Student Well-Being

Riley Restates Rules Against Harassment

By Mark Walsh — July 08, 1998 7 min read
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The Department of Education will continue its vigorous enforcement of the federal law that prohibits sex discrimination in schools, despite a U.S. Supreme Court ruling that limits districts’ liability in private lawsuits over teacher-student harassment, Secretary Richard W. Riley said last week.

“It is discrimination when an elementary or secondary school teacher abuses the authority given to him or her by the school district and engages in sexual conduct with his or her students,” Mr. Riley said in a July 1 written statement.

The secretary said that while district liability for damages in harassment cases was limited by the high court’s June 22 ruling in Gebser v. Lago Vista Independent School District, districts can still be found in violation of Title IX of the Education Amendments of 1972, which prohibits discrimination based on sex in schools receiving federal funds.

“A school district is therefore still responsible for taking reasonable steps to prevent and eliminate that type of misconduct,” Mr. Riley said. He added that the department will continue to enforce regulations that require schools and districts to have well-publicized policies against sexual harassment, to have procedures for handling complaints, and “to take prompt and effective action to equitably resolve sexual-harassment complaints.”

5-4 Decision

The Supreme Court ruling was a victory for school districts, which succeeded in limiting their liability for teacher-student harassment under Title IX.

“Schools have limited resources,” said Anne L. Bryant, the executive director of the National School Boards Association. “It is very hard to rationalize suing a district for something its officials had no knowledge of.”

But Ms. Bryant said she welcomed Mr. Riley’s statement, and she emphasized that schools do not see the decision as encouraging greater tolerance of harassment.

“School districts take sexual harassment very seriously,” she said. “Their business is building a safe, nurturing environment for children to learn.”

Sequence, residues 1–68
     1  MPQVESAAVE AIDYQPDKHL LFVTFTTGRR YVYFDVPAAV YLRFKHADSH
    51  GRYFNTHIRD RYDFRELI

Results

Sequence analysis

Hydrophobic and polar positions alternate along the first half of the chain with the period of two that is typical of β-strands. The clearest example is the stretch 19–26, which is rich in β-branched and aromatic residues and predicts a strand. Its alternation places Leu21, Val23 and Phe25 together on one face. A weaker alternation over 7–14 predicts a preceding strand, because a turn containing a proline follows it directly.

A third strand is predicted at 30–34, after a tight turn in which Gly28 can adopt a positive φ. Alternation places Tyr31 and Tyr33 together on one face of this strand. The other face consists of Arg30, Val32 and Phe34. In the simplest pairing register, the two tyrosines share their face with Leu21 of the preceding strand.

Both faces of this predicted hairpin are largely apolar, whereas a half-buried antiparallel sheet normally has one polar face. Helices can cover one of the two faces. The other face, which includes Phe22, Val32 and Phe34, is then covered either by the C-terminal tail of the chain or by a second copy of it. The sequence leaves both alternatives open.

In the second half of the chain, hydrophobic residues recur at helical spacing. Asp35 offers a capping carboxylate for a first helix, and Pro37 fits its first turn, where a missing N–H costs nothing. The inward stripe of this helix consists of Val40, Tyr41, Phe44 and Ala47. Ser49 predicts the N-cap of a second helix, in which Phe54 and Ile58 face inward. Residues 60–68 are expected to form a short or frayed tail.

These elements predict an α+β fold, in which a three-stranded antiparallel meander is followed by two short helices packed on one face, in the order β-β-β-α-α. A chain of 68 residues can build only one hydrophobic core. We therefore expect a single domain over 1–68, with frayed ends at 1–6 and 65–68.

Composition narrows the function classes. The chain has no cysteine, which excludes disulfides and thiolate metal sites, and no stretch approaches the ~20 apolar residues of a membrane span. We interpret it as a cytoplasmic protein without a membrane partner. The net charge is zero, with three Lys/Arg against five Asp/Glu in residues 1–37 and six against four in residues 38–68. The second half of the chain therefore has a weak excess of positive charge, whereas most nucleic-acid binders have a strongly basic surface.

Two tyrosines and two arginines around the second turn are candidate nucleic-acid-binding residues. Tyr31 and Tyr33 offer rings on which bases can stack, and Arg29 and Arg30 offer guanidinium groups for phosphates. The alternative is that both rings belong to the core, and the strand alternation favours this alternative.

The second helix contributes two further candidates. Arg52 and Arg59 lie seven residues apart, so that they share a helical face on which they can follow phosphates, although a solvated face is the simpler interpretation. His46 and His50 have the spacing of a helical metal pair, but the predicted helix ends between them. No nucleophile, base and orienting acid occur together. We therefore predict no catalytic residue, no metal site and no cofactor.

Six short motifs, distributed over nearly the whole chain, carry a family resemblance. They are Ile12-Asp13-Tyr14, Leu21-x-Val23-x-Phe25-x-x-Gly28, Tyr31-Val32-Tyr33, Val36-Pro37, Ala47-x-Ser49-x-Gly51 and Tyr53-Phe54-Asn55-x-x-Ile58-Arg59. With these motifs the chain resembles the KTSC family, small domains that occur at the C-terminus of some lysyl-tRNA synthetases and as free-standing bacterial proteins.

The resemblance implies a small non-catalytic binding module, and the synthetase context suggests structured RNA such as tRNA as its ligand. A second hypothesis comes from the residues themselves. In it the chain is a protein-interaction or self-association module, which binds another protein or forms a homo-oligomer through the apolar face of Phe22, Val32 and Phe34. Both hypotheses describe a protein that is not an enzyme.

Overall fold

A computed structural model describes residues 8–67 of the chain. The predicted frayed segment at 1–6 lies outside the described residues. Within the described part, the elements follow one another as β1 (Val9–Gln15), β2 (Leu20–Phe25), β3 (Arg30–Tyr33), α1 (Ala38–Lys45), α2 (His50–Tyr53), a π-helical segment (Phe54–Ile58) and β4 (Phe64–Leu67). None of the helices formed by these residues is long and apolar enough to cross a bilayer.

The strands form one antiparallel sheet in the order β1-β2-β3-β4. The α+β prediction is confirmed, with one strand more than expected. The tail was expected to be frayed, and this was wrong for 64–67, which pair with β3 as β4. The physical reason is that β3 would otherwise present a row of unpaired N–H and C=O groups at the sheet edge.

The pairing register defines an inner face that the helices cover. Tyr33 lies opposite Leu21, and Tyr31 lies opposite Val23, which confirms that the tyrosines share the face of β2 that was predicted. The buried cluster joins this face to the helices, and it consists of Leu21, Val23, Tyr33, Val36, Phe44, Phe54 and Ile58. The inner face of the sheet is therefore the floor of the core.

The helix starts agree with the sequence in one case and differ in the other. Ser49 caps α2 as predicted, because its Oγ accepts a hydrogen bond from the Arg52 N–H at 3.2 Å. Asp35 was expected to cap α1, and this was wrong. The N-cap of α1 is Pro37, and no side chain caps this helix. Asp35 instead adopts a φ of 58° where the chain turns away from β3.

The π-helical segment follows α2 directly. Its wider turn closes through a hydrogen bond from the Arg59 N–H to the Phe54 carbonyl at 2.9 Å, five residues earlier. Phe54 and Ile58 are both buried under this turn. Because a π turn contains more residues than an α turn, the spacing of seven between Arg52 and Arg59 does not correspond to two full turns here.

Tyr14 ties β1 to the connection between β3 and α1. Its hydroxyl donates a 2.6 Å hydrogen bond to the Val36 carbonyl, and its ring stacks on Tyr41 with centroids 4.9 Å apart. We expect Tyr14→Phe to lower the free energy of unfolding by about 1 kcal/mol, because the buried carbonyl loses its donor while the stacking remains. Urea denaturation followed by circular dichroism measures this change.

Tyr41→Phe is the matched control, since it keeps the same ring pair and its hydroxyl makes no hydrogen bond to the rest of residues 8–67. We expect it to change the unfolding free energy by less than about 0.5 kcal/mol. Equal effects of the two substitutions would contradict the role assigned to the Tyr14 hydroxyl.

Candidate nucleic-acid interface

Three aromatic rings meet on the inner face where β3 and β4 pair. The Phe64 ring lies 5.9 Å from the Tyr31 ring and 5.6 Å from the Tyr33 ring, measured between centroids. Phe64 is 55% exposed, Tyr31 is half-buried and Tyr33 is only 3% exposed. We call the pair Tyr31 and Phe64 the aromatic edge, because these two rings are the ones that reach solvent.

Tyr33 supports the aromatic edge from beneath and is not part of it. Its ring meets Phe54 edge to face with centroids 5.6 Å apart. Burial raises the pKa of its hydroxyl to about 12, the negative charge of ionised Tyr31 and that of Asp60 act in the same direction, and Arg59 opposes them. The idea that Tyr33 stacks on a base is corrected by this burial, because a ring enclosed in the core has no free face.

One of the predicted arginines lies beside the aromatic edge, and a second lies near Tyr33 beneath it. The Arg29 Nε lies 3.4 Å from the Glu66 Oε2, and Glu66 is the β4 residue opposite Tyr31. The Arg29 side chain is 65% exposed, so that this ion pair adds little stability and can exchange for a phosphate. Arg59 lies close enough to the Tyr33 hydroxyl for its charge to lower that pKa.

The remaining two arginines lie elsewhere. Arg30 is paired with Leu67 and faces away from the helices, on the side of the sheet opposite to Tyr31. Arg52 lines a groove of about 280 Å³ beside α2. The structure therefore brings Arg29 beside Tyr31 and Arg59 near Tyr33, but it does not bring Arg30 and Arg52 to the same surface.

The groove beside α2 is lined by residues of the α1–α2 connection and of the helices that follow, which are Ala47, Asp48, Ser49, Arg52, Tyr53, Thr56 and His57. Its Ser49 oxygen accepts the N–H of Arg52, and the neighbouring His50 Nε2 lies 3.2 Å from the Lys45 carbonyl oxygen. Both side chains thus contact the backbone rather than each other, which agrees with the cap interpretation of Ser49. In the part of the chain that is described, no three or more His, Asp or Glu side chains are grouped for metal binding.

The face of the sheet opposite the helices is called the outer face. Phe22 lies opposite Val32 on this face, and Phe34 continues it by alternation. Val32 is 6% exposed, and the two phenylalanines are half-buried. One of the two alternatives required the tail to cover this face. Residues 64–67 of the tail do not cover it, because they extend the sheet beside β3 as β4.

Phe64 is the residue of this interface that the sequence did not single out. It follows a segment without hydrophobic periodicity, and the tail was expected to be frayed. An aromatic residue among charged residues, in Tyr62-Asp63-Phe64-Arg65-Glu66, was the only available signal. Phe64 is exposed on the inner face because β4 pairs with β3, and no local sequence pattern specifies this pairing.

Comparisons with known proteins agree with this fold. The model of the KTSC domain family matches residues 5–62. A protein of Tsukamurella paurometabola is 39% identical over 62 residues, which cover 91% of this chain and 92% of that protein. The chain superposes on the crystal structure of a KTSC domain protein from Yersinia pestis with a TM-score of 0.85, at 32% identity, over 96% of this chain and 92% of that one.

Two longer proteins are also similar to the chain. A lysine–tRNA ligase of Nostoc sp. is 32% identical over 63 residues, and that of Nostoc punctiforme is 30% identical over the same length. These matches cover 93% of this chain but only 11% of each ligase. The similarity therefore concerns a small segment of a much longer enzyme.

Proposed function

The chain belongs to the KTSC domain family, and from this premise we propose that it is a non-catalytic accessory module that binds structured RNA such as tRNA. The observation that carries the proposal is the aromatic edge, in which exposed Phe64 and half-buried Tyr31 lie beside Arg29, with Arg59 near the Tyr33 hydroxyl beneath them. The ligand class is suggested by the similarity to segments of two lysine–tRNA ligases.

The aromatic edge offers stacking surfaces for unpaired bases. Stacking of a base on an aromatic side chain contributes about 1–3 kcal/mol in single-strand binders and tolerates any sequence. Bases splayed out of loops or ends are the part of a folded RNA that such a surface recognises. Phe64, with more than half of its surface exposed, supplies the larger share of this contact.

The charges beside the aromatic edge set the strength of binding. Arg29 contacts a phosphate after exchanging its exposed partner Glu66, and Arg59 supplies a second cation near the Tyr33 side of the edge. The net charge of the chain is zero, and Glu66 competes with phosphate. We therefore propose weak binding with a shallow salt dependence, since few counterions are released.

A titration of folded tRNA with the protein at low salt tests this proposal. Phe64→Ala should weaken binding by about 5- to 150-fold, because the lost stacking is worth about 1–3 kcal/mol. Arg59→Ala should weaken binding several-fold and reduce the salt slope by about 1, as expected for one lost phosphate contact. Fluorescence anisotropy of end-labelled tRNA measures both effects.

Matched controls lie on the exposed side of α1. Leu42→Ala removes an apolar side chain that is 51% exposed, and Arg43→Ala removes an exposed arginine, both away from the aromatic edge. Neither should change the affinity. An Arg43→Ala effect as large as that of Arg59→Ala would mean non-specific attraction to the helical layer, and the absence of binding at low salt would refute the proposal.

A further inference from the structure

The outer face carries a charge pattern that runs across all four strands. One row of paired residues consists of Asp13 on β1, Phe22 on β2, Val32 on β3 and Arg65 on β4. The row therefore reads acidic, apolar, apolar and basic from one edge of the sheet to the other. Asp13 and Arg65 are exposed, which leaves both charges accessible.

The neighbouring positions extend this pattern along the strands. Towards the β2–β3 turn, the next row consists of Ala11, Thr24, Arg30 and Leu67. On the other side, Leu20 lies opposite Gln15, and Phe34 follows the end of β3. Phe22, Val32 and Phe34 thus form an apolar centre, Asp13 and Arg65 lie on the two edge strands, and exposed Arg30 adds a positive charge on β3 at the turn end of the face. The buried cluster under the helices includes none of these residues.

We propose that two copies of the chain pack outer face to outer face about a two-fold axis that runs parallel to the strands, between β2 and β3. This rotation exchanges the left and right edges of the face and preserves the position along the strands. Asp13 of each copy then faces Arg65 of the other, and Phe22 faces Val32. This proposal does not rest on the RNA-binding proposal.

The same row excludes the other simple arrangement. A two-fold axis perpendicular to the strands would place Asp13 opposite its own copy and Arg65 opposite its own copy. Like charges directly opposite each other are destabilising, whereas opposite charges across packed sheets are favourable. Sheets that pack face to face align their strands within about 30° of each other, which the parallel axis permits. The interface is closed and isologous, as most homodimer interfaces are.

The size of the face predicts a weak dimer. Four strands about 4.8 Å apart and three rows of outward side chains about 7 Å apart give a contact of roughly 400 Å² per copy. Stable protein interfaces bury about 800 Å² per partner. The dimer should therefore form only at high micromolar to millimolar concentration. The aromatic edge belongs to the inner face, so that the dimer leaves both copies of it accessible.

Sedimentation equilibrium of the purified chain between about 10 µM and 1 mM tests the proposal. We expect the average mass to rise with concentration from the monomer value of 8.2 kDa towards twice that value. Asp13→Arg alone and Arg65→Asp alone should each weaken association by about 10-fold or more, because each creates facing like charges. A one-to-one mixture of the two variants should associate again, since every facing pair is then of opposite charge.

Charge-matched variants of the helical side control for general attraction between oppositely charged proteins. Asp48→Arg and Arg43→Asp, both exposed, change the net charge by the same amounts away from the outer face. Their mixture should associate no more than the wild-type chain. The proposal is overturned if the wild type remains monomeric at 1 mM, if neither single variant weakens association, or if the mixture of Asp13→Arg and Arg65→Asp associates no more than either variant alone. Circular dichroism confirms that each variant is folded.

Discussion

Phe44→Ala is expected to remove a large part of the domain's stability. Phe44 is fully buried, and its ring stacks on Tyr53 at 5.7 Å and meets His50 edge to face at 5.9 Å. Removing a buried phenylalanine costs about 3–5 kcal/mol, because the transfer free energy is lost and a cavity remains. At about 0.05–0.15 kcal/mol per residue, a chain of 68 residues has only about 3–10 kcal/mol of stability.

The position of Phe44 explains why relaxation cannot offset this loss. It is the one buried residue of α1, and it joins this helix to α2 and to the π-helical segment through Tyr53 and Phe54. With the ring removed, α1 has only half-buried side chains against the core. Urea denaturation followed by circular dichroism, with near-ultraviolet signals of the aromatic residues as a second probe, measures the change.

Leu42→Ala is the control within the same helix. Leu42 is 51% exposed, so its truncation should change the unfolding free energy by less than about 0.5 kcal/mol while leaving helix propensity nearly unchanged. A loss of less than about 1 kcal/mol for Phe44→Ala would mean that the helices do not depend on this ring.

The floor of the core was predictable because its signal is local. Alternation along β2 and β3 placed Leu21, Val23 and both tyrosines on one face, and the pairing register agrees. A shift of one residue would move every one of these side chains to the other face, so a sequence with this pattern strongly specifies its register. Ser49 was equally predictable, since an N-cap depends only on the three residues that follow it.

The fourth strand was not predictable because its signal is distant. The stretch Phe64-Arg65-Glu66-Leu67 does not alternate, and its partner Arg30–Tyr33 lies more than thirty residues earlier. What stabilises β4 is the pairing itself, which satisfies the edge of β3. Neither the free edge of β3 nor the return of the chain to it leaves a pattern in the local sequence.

The secretary’s comments also drew praise from women’s rights groups, which had reacted with disappointment to the high court’s decision.

Mr. Riley’s statement “sends a strong signal that schools should not misinterpret the Lago Vista as an invitation to turn their backs to sexual harassment,” said Verna L. Williams, a senior counsel at the National Women’s Law Center in Washington.

In its 5-4 ruling in Lago Vista (Case No. 96-1866), the court said districts cannot be held liable for damages in a private lawsuit over teacher-student harassment unless an official in a position to take corrective action knew of the harassment and was “deliberately indifferent” to it.

“We hold that a damages remedy will not lie under Title IX unless an official who at a minimum has authority to address the alleged discrimination and to institute corrective measures ... has actual knowledge of discrimination ... and fails adequately to respond,” the majority opinion by Justice Sandra Day O’Connor said.

The case involved a high school teacher in the Lago Vista, Texas, district who had an affair with one of his students, Alida S. Gebser. District officials said they had no knowledge of the affair, and once it was discovered, teacher Frank Waldrop was fired. The 650-student district argued that it should not be held liable merely because the teacher was its employee and used his position to foster the sexual relationship.

Justice John Paul Stevens, writing in dissent, said that few Title IX plaintiffs who allege sexual discrimination “will be able to recover damages under this exceedingly high standard.”

“The court ranks protections of the school district’s purse above the protection of immature high school students,” he said.

The ruling settles a critical issue regarding school district liability for sexual harassment under Title IX. In a 1992 case, Franklin v. Gwinnett County Public Schools, the court held that plaintiffs could seek money damages under Title IX. But that case left open the question of the liability standard for districts.

Some lower courts had ruled that school officials must have “actual” knowledge about and have ignored sexual harassment between a teacher and student for the district to be held liable. But other courts had applied different standards.